Words and Deeds in American History: Selected Documents Celebrating the Manuscript Division's First 100 Years
In 1942 a young John F. Kennedy (1917-1963) entered the United States Navy eager to see action in World War II. Clare Boothe Luce (1903-1987), playwright, diplomat, wife of Time-Life, Inc., publisher Henry Robinson Luce (1898-1967), and a Republican member of the House of Representatives from Connecticut, knew the Kennedy family well. She sent the young naval officer a good luck coin that had originally belonged to her mother. In this note Kennedy thanked Luce for her thoughtfulness and promised to clip the coin to his military identification tags.
In summer 1943 Lieutenant Kennedy commanded a PT boat operating against the Japanese near the island of New Georgia in the Pacific. One night Kennedy's PT boat was rammed and cut in two by a Japanese destroyer, but the injured Kennedy and most of his crew survived. A few months later, Kennedy wrote again to Luce, enclosing a gadget, originally intended to be a letter opener, which he had made for her "from a Jap 51 cal. bullet and the steel from a fitting on my boat, part of which drifted onto an island." He told her, "With it goes my sincere thanks for your good-luck piece, which did service above and beyond its routine duties during a rather busy period."1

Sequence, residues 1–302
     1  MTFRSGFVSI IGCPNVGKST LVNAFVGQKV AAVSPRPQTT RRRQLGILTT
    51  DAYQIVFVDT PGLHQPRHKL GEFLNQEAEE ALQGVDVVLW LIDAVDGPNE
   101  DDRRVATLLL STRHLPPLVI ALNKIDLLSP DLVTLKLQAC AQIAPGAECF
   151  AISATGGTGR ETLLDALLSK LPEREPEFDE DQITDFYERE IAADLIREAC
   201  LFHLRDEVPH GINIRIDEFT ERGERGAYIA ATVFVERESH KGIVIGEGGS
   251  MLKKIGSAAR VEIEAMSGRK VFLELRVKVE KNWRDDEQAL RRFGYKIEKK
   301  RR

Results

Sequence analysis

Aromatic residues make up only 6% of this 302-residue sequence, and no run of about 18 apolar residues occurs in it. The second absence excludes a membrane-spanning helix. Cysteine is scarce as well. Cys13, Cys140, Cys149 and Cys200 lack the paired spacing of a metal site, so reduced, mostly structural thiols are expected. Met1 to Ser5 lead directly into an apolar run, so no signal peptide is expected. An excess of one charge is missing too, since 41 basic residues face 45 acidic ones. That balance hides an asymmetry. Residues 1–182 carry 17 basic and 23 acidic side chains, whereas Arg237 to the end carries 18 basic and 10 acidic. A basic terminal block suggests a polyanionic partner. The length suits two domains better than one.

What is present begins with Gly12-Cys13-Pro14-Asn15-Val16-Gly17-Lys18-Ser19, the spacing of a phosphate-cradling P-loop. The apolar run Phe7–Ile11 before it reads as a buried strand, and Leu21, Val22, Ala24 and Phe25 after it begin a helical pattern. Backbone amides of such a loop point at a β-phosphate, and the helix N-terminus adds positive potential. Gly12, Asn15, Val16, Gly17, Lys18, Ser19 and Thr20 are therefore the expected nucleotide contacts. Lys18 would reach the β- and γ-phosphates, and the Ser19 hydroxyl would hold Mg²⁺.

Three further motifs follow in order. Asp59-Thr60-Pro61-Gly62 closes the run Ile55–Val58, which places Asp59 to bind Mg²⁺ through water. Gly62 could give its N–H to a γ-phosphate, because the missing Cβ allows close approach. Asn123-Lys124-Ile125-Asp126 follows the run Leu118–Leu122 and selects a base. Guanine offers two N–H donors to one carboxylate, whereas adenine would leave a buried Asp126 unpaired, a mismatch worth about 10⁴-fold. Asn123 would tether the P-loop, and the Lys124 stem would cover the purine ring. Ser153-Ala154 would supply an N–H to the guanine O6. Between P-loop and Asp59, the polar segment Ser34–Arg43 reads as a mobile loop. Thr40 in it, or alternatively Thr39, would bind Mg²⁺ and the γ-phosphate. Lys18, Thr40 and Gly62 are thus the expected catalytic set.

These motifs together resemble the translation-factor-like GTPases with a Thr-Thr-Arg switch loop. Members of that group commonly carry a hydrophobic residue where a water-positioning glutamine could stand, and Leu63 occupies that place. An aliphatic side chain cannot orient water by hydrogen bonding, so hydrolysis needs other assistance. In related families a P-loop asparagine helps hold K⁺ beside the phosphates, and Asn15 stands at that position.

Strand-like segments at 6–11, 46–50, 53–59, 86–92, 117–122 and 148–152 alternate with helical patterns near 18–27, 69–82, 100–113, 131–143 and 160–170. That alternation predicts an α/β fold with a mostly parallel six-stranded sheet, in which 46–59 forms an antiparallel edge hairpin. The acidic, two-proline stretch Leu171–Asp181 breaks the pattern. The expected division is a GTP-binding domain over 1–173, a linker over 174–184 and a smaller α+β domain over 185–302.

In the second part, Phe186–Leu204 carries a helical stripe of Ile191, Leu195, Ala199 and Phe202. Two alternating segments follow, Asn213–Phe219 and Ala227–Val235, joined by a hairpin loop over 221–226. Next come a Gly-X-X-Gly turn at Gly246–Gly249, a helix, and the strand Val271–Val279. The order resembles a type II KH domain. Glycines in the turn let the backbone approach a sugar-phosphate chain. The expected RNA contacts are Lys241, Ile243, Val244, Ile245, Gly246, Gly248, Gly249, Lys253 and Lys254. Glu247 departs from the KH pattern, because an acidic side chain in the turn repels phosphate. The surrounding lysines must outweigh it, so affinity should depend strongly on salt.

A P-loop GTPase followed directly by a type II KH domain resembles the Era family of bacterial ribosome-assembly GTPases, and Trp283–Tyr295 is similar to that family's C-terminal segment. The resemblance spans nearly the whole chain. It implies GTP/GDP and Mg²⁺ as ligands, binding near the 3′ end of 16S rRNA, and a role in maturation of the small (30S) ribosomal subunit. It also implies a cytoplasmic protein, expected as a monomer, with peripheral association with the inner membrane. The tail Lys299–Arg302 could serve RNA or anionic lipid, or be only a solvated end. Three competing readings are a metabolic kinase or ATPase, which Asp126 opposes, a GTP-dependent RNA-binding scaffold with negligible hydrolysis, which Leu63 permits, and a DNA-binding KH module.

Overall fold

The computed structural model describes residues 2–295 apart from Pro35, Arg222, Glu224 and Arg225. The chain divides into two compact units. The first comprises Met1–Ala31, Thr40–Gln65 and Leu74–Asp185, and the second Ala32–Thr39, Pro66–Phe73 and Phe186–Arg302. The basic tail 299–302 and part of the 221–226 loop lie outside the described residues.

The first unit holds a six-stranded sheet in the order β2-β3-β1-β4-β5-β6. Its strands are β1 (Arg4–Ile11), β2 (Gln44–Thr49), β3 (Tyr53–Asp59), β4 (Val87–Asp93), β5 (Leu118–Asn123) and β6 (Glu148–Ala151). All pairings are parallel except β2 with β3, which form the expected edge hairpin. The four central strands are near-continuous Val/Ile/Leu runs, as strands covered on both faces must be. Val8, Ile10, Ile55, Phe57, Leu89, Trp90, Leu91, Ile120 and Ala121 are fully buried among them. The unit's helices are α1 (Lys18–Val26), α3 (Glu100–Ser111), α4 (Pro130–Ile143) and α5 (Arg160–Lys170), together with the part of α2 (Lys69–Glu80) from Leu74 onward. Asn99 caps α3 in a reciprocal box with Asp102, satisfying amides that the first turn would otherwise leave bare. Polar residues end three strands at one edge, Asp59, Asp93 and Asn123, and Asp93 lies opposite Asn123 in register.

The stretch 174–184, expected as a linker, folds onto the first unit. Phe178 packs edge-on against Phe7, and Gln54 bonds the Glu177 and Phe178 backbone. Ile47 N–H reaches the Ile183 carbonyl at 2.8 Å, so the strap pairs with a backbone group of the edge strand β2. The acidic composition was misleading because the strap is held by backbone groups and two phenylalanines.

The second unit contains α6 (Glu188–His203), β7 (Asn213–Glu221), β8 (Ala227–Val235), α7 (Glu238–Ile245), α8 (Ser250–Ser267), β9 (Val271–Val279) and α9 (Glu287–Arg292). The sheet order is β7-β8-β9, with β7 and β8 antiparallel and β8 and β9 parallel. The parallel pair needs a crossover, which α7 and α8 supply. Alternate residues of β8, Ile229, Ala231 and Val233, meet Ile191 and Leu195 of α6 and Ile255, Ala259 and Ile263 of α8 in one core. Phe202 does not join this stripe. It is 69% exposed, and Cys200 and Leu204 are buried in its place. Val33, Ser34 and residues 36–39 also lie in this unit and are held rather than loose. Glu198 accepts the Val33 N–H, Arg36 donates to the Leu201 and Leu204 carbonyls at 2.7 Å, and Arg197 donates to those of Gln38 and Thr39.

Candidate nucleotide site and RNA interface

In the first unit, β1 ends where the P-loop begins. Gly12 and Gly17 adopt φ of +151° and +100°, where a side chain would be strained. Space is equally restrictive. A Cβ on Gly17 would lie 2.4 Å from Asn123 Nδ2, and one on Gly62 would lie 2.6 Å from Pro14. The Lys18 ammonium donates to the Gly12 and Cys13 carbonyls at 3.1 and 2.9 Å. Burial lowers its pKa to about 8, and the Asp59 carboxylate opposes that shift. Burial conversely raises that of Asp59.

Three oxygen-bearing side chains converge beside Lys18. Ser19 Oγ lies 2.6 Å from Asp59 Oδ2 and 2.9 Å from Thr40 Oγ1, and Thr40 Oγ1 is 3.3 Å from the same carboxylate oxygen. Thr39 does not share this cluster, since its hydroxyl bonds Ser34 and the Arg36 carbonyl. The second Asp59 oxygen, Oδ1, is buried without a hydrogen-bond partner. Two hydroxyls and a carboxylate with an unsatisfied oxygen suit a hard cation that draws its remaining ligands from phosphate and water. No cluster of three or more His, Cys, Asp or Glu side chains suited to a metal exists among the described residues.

1. John F. Kennedy to Clare Boothe Luce, [20 October 1943], Container 116, Clare Boothe Luce Papers, Manuscript Division, Library of Congress.
John E. Haynes and Janice E. Ruth, Manuscript Division
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A60 (color slide; pages 1-4)
Congress | Diplomats | Dramatists | Japan | Kennedy, John F. (John Fitzgerald) (1917-1963) | Legislators | Luce, Clare Boothe (1903-1987) | Luce, Henry Robinson (1898-1967) | Naval officers | Presidents | United States Navy | Women | World War, 1939-1945